China Addresses Violent Youth: The Devil in Your Smart Phone
Oct. 14, 2019 (EIRNS)—Global Times Sunday addressed the fact that large portions of those arrested for violence and destruction in Hong Kong are children, pointing to the social and mental damage being done through the “internet age”—what Schiller Institute Chairwoman Helga Zepp-LaRouche addressed several years ago as the “Devil in Your Laptop.” Shi Tian writes: “In the past four months of social unrest in Hong Kong, of 2,379 arrested so far, 750 were aged under 18 and 104 below 16,” which a Hong Kong official called “shocking” and “heartbreaking.”
But it is not only Hong Kong—Shi Tian quotes from an article in Toronto’s Globe and Mail pointing to the fact that “the hooligan spirit is indeed being tapped,” and that “teenage protesters are commonplace in the U.S., U.K. and Germany. To some extent, young Hongkongers are learning from their Western peers.”
Why? “Growing up in the internet era, a great many adolescents observe the world through smart phones and computers,” Shi Tian writes. “They live more in a virtual world than a real one. Compared with older generations, young people have access to a broader world thanks to the internet, but they are sometimes confined to a narrower mentality.
“First, the internet tends to push teenagers to extremes. Information overload, as a result of the internet, makes it impossible for users to have an eye on all messages. Extreme ideas, under such circumstances, are more likely to catch people’s attention.”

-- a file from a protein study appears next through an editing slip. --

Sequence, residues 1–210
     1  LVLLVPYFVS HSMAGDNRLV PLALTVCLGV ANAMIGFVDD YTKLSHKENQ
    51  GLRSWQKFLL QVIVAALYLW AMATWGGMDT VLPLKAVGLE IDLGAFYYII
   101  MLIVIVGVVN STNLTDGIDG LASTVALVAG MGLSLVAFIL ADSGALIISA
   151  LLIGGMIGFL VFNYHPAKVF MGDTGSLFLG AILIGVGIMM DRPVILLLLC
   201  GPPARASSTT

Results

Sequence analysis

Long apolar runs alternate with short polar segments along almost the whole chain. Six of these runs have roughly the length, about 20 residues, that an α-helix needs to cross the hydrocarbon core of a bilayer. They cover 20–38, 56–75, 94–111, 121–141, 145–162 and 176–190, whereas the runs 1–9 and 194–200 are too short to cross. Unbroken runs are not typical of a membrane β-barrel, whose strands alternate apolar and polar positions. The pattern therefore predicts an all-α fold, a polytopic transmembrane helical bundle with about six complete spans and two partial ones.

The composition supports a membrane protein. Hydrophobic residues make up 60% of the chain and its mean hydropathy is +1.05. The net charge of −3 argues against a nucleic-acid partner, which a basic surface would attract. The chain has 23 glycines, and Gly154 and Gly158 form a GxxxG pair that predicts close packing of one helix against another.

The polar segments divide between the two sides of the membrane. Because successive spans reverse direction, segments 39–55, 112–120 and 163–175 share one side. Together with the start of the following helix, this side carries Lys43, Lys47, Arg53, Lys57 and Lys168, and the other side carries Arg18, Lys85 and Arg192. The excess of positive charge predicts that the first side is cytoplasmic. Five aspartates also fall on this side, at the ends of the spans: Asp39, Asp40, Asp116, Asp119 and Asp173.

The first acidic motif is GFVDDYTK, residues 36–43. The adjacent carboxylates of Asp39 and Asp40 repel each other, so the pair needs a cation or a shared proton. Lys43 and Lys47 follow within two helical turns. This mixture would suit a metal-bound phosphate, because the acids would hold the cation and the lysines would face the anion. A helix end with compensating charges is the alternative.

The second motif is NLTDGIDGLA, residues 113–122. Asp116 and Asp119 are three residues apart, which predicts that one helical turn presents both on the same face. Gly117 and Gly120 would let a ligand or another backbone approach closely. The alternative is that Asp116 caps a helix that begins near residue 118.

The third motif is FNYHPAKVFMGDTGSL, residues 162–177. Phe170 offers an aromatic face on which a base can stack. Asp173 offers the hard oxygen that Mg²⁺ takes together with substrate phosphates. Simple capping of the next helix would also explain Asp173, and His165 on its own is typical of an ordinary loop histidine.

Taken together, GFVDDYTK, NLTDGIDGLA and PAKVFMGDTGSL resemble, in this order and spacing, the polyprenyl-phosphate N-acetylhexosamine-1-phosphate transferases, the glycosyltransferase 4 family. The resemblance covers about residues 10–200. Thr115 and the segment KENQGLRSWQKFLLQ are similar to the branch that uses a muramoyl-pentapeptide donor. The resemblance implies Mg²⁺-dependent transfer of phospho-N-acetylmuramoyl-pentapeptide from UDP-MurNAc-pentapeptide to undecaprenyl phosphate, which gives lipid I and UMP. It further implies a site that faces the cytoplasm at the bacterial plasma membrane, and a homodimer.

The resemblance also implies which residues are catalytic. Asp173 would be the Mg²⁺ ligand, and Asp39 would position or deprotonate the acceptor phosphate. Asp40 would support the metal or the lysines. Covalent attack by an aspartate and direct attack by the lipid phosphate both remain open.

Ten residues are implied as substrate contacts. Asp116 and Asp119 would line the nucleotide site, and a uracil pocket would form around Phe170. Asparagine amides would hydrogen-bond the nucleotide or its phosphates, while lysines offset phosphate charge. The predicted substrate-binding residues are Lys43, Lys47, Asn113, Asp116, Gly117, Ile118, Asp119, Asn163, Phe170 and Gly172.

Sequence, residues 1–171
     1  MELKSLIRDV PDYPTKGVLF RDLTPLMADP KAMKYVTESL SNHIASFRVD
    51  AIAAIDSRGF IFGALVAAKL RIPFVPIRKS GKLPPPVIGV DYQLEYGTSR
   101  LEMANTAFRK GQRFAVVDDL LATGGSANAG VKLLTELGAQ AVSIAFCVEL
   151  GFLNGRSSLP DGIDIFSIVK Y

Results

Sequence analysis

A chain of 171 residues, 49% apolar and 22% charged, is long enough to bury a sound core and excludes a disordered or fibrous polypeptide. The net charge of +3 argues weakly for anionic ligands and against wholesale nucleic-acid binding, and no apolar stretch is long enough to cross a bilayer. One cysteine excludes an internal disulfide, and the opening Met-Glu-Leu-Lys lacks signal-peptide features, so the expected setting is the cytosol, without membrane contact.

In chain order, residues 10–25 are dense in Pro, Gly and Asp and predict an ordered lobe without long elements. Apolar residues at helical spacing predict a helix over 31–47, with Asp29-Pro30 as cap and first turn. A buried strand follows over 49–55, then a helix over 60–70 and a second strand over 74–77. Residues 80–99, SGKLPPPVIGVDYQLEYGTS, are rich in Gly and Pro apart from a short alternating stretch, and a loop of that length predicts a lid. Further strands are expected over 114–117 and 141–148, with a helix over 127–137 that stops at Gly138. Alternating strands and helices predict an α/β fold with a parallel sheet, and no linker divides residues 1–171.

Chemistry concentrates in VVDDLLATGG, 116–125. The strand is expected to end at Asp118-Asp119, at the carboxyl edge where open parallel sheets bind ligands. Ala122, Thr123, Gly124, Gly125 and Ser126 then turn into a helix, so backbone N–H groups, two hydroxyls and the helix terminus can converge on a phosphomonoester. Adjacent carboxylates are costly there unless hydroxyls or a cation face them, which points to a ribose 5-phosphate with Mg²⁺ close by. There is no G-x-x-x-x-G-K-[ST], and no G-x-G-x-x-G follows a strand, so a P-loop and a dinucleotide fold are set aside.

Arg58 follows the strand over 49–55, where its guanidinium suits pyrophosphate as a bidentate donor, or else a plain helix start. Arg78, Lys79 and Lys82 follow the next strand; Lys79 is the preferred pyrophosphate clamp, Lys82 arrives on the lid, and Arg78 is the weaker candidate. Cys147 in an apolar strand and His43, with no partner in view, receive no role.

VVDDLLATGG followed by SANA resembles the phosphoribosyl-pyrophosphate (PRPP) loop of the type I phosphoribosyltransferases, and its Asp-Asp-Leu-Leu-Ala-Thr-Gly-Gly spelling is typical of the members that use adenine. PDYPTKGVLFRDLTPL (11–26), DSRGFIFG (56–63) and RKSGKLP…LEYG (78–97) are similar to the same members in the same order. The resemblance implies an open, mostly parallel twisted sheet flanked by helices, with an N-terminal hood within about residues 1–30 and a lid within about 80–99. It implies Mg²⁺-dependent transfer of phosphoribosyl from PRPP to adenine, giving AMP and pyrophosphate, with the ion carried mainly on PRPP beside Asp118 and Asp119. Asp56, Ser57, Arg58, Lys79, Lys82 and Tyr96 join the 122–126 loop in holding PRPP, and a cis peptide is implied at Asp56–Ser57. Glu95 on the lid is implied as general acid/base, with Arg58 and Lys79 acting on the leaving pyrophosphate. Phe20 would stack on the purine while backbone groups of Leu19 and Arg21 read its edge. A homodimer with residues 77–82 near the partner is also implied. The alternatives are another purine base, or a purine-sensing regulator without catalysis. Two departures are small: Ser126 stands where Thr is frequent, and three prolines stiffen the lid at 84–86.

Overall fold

Second, Shi writes, children spend hours playing video games, existential “one against all” conflicts in a private world. The op-ed goes on: “Some juveniles in Hong Kong don’t even understand what they are doing and only see protests as a real-life game and go to the streets for ‘fun.’ ”
Third, Shi points to the anti-social way in which youth make friends: “To link more closely with one another, members of many online groups tend to seek a common ‘enemy’ and fight against it side by side. Some young people are indulging in such a sense of belonging in the virtual world and wrecking their judgment in the real one. For instance, certain young Hongkongers see other protesters in the same camp and regard the mainland and Hong Kong police as their common ‘enemies,’ but ignore what is happening in reality.”
This is not a “Chinese” problem, Shi Tian concludes, as Europeans and Americans are well aware: Children are being brainwashed and driven out to the streets by the eco-fascists like Extinction Rebellion and FridaysForFuture. Shi Tian writes: “The internet’s adverse influence on adolescents is growing into a universal problem on a global scale.”